Bob: Yes, whatever that is and whatever it feels like. I’m really glad that you brought up this idea of mindfulness because I think if we are embracing the moment, then we get into potentially a space where we’re not even thinking of it as a failure. That moment of failure is just another moment of uncertainty. When we’ve done some work on networking and how networking can help us address complex issues and complexity in general, that’s one of the things that we talk about. In order to get comfortable with complexity, you have to be comfortable with uncertainty. You have to be okay with- “Hey, things are going to change.” The environment’s going to change, technology’s going to change, people’s reactions are going to change, the people in the room are going to change.

All of that stuff is going to affect your work in different ways, and being able to ride that wave and be okay with that change is important. Part of that is being able to embrace the moment, to listen, and be aware of the moment, and be okay with that. I think what goes along with that, we’re going down the mindfulness path here a little bit, is also to be okay with the feelings that go along with failure.

Jessica: Yes.

Bob: I think that’s what maybe sometimes feels inauthentic to me about the off-handed comment of, “We should celebrate our failures,” is yes, but they don’t feel very good. [chuckles]

Jessica: They feel awful.

Bob: Yes, they awful. I’m supposed to push that down and go, “Yay, I failed”? That wouldn’t be a very good mindfulness strategy, to do that instead of have to feel it and be okay with those feelings, and get to the next moment which gets to the adaptation that you’re talking about. It’s the “So what? So what we failed?” It doesn’t feel very good, but what’s next, or what does that failure or that unexpected uncertain moment open up in terms of possibilities for adaptation?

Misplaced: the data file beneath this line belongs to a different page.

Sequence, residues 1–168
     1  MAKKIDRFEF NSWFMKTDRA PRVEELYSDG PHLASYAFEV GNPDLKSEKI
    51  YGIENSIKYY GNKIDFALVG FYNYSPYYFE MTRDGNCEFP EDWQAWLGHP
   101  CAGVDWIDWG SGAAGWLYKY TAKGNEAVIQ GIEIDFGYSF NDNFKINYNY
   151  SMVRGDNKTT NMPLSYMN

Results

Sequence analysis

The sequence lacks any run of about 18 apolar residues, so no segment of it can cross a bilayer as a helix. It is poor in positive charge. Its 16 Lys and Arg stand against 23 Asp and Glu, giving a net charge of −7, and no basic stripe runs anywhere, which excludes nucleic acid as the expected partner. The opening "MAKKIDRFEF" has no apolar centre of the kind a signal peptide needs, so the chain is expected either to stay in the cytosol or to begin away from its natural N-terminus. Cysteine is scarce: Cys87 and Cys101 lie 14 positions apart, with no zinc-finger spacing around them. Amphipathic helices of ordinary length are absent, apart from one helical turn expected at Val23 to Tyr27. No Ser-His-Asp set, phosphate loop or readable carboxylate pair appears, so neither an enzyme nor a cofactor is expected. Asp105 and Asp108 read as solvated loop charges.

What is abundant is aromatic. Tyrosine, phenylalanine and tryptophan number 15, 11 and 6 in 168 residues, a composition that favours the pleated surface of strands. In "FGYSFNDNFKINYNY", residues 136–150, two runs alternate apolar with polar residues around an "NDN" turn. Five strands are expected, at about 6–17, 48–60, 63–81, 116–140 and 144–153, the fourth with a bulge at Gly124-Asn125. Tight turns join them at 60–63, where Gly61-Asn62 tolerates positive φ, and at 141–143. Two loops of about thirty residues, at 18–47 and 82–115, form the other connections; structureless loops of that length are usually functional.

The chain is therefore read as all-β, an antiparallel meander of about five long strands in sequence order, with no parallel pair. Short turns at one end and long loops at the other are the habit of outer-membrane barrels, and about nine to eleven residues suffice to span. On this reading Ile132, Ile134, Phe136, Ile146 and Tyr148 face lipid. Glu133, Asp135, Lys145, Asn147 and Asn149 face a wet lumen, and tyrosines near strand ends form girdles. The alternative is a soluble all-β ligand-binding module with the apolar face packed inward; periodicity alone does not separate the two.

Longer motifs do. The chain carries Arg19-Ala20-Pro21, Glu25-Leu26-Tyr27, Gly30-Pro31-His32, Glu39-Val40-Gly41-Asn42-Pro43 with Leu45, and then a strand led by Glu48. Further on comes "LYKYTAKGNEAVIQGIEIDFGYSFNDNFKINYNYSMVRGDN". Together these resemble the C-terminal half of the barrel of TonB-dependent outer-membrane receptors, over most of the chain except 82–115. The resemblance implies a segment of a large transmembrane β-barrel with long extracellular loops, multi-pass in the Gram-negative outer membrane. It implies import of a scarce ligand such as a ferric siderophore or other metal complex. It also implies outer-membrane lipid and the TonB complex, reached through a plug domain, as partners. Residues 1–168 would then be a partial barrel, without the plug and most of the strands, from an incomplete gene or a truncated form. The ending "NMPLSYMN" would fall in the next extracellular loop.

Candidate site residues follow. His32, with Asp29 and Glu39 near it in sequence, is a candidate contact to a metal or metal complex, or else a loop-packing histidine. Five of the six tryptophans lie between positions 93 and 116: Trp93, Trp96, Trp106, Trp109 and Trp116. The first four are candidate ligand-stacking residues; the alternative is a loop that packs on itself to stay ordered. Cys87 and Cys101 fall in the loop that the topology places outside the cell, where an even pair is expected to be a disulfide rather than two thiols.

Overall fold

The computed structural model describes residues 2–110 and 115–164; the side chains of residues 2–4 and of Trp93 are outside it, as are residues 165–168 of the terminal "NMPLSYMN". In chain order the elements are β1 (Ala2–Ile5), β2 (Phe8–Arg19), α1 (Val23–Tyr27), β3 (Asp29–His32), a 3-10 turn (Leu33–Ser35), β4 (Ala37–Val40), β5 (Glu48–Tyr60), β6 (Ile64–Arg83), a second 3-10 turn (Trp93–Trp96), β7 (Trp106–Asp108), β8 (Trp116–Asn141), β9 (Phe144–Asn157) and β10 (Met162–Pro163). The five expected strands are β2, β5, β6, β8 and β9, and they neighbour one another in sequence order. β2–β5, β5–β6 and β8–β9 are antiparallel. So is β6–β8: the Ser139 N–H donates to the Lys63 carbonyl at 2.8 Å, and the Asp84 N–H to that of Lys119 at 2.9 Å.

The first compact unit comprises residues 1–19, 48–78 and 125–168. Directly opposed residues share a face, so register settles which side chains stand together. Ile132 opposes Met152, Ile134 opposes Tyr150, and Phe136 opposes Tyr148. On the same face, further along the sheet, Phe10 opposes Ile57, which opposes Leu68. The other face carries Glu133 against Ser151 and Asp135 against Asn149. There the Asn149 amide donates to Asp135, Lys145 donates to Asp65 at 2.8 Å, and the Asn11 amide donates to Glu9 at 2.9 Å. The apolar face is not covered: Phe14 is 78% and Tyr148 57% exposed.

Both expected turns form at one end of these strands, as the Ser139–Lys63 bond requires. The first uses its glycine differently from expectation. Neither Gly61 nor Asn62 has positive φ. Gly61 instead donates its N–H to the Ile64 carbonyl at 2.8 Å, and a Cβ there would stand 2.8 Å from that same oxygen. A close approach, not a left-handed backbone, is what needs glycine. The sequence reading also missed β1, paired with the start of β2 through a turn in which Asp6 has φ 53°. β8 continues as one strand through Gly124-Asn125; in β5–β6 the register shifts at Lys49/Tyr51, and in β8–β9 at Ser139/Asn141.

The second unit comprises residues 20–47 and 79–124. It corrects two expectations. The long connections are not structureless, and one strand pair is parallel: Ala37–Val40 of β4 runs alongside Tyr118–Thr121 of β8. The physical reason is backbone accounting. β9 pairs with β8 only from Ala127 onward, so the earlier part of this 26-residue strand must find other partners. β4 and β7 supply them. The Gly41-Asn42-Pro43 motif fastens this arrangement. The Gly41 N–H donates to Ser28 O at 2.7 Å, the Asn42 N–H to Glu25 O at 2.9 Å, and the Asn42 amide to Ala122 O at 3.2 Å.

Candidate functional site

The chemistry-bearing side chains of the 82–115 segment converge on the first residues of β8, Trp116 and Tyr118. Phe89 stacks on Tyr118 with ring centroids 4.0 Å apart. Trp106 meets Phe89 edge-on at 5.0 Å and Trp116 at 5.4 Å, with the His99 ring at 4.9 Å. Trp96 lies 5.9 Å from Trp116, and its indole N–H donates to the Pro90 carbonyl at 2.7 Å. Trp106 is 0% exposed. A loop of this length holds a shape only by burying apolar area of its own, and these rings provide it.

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Jennifer Chilek: I’m Jen Chilek from the Military Families Army Network. We bring you online professional development opportunities, like this podcast, along with webinars, conferences, and more, in support of those who support military families. Geared to Cooperative Extension educators, military families’ service providers, and others who support military families, much of our online content comes with continuing education credit, and all of it is free. Visit us at militaryfamilieslearningnetwork.org to find more content like this, geared to people like you.

Jessica: Bob, I’d like to put you on the spot just for a second. I’m curious, do you have any practices that help you navigate those feelings, or help you navigate that initial moment when something happens, you have some sort of reaction to it? Do you have some practices, and if you don’t, just-